TWN Info Service on WTO and Trade Issues (Aug17/01)
3 August 2017
Third World Network

WTO Rules Chair issues "matrix" paper on fisheries subsidies
Published in SUNS #8514 dated 2 August 2017

Geneva, 31 Jul (Kanaga Raja) - The Chair of the WTO Negotiating Group on Rules has issued a compilation matrix of all the textual proposals put forward so far in the ongoing negotiations on fisheries subsidies.

The 39-page compilation document (TN/RL/W/273) was released on 28 July by the Rules Chair, Ambassador Wayne McCook of Jamaica, and it aims "to assist Members in analysing and comparing the proposals" put forward by the various proponents to date.

The matrix document includes the following proposals received to date: from New Zealand, Iceland, Pakistan (TN/RL/GEN/186); from the European Union (TN/RL/GEN/181/Rev.1); from Indonesia (TN/RL/GEN/189/ Rev.1); from the African, Caribbean and Pacific (ACP) Group of countries (TN/RL/GEN/192); from Argentina, Colombia, Costa Rica, Panama, Peru, and Uruguay (TN/RL/GEN/187/Rev.2); from the Least Developed Countries (TN/RL/GEN/193); and from Norway (TN/RL/GEN/191).

In his introduction to the compilation document, the Rules Chair noted that at the 18 July 2017 meeting of the Negotiating Group on Rules, he had reported that the proponents collectively had requested that he produce a compilation, in the form of a matrix, of all of the textual proposals that had been received, to assist Members in analysing and comparing the proposals.

"As the Negotiating Group agreed with this request at that meeting, I have now prepared the attached matrix, which has been validated by the proponents," said Ambassador McCook.

Regarding its status, "the matrix is not a Chair text," the Chair emphasised. "It is simply a compilation, topic by topic, of the seven textual proposals now on the table."

Nothing has been added to or subtracted from any of the proposals and no judgements are expressed or implied.

"It is meant to be a purely technical document and is without prejudice to and does not replace any of the proposals, all of which remain before the Group," he underlined.

Ambassador McCook elaborated that "the matrix is intended as a tool, to serve [as] a basis for topical discussions of the proposals when we reconvene in the fall."

Between now and then, said the Chair, "it is my hope that it will help Members to identify areas of greatest and least convergence among the proposals and thus assist us in sharpening our focus as we intensify our work in the lead-up to MC11 (eleventh ministerial conference in Buenos Aires in December)."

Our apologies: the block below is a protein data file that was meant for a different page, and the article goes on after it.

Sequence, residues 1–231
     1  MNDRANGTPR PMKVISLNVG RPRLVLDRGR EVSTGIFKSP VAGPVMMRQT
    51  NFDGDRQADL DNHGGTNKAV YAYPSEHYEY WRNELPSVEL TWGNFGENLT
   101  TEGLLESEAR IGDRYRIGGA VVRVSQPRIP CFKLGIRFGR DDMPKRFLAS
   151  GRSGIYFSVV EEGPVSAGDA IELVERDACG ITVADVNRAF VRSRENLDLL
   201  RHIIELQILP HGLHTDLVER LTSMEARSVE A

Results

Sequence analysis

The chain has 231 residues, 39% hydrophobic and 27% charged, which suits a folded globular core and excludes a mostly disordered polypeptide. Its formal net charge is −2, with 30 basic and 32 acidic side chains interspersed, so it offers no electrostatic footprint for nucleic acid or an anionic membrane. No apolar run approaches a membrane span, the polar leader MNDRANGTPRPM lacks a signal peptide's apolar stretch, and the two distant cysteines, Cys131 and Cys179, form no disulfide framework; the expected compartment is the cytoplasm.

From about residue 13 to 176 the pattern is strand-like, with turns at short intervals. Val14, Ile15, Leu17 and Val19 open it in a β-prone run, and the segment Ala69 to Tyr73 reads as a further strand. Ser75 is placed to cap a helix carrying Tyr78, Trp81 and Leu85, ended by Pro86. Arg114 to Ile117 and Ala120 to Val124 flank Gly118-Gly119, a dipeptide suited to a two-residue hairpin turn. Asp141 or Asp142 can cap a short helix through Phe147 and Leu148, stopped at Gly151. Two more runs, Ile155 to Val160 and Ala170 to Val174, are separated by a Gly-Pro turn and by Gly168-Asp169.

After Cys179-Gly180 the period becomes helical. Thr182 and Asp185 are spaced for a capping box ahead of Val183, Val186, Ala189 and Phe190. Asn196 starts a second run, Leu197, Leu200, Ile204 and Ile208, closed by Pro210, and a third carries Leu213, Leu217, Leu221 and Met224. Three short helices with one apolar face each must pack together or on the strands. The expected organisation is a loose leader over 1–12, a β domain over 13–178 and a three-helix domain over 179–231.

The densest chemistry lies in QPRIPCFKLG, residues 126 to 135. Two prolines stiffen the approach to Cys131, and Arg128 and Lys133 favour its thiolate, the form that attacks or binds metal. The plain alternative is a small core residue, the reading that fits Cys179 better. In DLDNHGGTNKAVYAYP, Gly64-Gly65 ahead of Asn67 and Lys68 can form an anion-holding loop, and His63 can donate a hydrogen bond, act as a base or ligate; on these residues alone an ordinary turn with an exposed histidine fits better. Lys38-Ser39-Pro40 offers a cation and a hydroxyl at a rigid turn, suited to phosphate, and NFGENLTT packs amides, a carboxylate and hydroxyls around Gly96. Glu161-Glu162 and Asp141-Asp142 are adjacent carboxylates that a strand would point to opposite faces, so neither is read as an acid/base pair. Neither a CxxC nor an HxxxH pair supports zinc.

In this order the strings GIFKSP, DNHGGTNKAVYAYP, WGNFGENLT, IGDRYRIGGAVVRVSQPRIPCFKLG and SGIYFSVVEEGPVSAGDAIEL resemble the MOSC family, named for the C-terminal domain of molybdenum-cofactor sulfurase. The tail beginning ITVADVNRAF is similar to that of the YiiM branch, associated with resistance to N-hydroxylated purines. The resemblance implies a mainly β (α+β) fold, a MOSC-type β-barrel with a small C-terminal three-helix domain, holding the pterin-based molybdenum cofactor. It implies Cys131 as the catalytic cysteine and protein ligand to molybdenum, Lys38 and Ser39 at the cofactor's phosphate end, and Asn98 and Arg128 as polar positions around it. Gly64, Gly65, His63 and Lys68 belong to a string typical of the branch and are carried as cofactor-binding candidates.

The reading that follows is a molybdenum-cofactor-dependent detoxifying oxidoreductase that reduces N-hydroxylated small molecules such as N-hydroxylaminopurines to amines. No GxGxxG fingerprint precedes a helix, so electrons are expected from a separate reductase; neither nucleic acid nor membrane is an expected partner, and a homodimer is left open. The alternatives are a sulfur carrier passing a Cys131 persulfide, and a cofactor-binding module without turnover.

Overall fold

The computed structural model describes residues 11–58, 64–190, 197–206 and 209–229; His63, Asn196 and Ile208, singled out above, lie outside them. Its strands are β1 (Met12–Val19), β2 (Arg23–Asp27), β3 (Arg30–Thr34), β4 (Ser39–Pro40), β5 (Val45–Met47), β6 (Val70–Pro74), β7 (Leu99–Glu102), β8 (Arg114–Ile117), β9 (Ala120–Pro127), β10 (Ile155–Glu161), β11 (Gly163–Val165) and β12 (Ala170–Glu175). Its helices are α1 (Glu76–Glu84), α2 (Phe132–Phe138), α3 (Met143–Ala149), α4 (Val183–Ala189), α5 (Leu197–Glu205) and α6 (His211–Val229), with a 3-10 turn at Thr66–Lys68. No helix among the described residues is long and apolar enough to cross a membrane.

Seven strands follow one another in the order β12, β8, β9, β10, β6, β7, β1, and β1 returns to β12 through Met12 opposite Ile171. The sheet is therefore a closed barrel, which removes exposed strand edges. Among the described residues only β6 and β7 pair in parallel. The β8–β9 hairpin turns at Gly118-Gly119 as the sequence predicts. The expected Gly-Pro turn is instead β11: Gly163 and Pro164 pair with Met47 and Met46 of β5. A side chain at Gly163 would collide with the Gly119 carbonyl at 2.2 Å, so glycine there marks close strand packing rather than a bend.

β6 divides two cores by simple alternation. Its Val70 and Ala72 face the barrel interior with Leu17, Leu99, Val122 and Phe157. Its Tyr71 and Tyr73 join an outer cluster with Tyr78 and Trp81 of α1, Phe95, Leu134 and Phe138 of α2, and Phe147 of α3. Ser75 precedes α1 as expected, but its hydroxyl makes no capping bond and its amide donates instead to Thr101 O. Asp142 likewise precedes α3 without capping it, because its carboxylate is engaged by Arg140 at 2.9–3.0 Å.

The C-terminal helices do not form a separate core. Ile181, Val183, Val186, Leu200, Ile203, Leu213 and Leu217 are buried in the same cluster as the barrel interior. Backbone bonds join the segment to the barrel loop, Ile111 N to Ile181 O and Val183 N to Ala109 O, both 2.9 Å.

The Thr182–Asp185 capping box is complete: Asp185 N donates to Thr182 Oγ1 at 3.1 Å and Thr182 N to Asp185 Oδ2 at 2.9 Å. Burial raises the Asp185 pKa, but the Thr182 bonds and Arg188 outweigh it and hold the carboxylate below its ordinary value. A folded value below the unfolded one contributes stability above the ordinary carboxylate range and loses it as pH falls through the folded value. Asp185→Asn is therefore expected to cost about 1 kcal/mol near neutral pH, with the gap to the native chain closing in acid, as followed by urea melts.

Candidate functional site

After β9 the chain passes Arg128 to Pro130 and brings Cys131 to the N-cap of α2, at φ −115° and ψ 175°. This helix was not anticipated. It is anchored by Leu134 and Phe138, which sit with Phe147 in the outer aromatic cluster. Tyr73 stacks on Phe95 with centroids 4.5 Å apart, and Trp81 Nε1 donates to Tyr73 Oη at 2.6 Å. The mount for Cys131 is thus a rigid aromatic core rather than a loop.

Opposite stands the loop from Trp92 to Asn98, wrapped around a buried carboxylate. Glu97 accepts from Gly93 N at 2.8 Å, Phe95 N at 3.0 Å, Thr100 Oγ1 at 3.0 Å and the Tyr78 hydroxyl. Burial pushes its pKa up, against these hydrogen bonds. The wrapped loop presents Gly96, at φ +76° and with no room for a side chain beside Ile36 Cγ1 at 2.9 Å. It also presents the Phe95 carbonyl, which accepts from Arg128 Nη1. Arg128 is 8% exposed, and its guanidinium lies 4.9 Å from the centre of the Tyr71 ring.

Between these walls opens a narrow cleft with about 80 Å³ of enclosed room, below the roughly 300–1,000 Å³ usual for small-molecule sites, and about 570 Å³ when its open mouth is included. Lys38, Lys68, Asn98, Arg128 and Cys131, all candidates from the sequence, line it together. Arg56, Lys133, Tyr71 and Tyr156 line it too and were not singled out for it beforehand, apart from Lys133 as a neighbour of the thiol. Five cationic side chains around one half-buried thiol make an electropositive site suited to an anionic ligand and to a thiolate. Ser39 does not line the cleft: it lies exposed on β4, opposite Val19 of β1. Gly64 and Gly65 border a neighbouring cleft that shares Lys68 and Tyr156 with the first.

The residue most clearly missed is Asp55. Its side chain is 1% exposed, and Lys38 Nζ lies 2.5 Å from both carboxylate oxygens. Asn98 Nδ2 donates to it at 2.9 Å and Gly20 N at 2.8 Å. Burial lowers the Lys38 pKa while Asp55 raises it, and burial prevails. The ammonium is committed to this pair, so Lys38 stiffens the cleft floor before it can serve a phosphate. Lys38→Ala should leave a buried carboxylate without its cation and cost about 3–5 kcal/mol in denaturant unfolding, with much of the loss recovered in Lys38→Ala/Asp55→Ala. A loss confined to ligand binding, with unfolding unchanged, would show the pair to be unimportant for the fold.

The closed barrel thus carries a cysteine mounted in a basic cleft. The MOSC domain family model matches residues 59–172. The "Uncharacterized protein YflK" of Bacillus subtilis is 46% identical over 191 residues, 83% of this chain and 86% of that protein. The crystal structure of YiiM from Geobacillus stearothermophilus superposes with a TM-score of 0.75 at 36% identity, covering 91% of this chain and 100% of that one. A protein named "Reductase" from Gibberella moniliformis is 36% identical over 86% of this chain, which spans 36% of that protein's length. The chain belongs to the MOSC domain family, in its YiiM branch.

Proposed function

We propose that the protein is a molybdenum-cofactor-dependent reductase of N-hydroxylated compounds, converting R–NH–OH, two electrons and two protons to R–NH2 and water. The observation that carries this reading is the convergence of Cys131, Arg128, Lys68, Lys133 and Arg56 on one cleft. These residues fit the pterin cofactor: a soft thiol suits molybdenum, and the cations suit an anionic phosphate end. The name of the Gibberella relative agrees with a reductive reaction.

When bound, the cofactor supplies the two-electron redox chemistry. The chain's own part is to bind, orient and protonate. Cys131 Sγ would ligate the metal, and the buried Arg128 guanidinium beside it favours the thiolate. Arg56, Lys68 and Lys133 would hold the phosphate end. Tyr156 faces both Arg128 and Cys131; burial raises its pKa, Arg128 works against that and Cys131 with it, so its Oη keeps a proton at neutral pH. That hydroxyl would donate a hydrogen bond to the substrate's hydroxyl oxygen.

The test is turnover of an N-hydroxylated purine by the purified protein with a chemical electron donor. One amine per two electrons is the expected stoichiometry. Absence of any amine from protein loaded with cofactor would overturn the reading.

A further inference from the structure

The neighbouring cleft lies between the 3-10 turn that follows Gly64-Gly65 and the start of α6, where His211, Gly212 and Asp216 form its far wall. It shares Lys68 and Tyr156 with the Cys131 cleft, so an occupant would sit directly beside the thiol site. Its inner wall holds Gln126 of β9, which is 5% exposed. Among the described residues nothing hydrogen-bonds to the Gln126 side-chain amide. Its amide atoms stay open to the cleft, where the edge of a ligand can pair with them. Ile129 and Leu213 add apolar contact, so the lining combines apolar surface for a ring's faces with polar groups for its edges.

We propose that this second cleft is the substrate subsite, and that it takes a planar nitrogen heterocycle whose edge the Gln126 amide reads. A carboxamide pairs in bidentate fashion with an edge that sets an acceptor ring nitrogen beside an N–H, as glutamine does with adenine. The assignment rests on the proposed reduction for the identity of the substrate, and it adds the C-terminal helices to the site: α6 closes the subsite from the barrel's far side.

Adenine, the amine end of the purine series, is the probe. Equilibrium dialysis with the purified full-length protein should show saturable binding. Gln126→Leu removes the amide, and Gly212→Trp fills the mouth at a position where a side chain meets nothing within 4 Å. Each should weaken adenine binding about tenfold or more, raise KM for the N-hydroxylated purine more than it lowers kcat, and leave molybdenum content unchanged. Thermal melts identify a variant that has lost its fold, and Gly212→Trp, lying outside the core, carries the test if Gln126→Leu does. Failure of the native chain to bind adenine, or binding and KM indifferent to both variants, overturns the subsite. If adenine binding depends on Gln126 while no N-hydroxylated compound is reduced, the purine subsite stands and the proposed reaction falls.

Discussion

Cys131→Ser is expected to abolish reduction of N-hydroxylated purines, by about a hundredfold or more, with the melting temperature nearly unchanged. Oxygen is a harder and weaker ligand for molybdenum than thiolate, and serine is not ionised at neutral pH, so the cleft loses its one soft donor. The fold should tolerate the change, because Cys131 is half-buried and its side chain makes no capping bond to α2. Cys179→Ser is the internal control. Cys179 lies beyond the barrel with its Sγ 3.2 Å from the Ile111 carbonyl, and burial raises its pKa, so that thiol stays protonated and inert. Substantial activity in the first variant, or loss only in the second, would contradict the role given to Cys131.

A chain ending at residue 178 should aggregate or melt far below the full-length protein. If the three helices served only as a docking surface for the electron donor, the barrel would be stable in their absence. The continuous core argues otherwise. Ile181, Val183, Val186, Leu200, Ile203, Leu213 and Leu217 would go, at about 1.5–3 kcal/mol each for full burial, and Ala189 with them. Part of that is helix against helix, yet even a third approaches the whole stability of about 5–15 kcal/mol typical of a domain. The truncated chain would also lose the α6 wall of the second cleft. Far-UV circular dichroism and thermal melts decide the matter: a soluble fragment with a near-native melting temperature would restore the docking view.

Concerning its content, the Chair explained that the matrix is organized into rows representing the topics and sub-topics, and columns representing the proposals.

Thus for each topic or sub-topic, the matrix presents a side-by-side comparison of the corresponding texts from the proposals.

Regarding the topics and sub-topics, he said that these have been derived from the proposals themselves and the aim is that each row in the matrix addresses one main idea.

"Thus, the breakouts are as granular as required to do this, such that similar ideas across different proposals are grouped together."

The way that the topics are broken out has meant that in some cases the text from a given proposal on a particular topic is a partial excerpt from the relevant provision in that proposal, rather than the entire provision.

In addition, for the same reason, in some cases, where a particular provision in a proposal is relevant to more than one topic, it is repeated in each place where it is relevant.

Because of the variation in the structures of the different proposals, some compromises were necessary in categorizing elements of certain proposals. Again, this is entirely without prejudice to the substance, said Ambassador McCook.

In terms of formatting, the Chair said that for ease of reading, the formatting in the matrix is uniform. Thus, the original formatting in each proposal has been conformed to a standardized formatting that is used throughout the matrix.

The only new formatting that has been introduced in the matrix is underlining of certain terms (mainly in the proposals' definitions), simply for ease of reading, said Ambassador McCook.

The main headings outlined in the compilation document include general provisions; prohibitions; standstill; special and differential treatment and technical assistance and capacity-building; transparency; and transitional provisions, institutional arrangements and review.

Among the topics that are highlighted under general provisions are the preamble, definitions, scope, attribution of subsidies, and other legal implications.

Under the heading of prohibitions, the topics listed in the document include chapeau, definition of subsidies, IUU (illegal, unreported and unregulated fishing), trans-shipment, beyond national jurisdiction, overfishing/overfished stocks/un-assessed stocks, over-capacity/capacity-enhancing, operating costs, and additional prohibitions to be negotiated.